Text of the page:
• 3. GuidelinesFig. 1. A. Lateral luxation of primary maxillary central incisors. B. Lateral radiograph reveals that the apices of the central incisors havebeen forced through the facial bone plate. C. Occlusal radiograph at the time of the injury showing widened periodontal space apically.D. Spontaneous realignment of teeth at the 2-month follow-up control. E. Radiograph at 2-month follow-up control. Healing of the facialbone plate. F. Clinical condition at 2 year 8 month follow-up control. Teeth are asymptomatic, vital and in original alignment. G. Lateralradiograph at 2 year 8 month follow-up showing roots within the facial bone plate. H. Occlusal view at the 2 year 8 month follow-upcontrol. Note the pulp obliteration of maxillary central incisors. (Case provided by Dr. Maria Theresa Flores.). 51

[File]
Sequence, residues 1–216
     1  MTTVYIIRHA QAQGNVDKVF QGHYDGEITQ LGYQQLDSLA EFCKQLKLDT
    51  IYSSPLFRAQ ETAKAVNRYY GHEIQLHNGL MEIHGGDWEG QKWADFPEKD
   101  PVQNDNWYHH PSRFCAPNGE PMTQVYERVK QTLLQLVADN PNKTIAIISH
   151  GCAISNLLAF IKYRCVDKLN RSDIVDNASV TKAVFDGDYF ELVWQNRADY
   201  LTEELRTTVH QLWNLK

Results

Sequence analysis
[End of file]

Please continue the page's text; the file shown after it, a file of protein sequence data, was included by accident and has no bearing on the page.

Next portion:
• 4. Guidelines Fig. 2. A. Clinical view of a 36-month-old child after intrusion of maxillary right central incisor. Only the incisal tip is visible. No soft tissue or injuries to adjacent teeth are noted. B. A periapical radiograph at the time of the initial exam confirms the complete intrusion of the right incisor. No apparent root fractures are present. C. Lateral radiograph at the time of the initial exam. The apex of the intruded tooth was facial to the developing permanent tooth, prompting a clinical decision to allow an opportunity for reeruption of the tooth. D. Clinical view 6 weeks later. The tooth shows signs of reeruption and the child is free of symptoms or signs of related pathology. E. Six-month recall. Tooth has almost fully reerupted and the child is free of symptoms or related pathology. F. Radio- graph at 16-month recall. Early signs of calcific degeneration are seen on the right centralincisor and almost complete calcific regeneration on the left central incisor. No other pathology is noted. G. Clinical picture at 16-monthrecall. The patient is asymptomatic. Maxillary left central incisor has a slightly golden color indicative of calcification of the pulp chamber.(Case provided by Dr. William F. Vann Jr.)52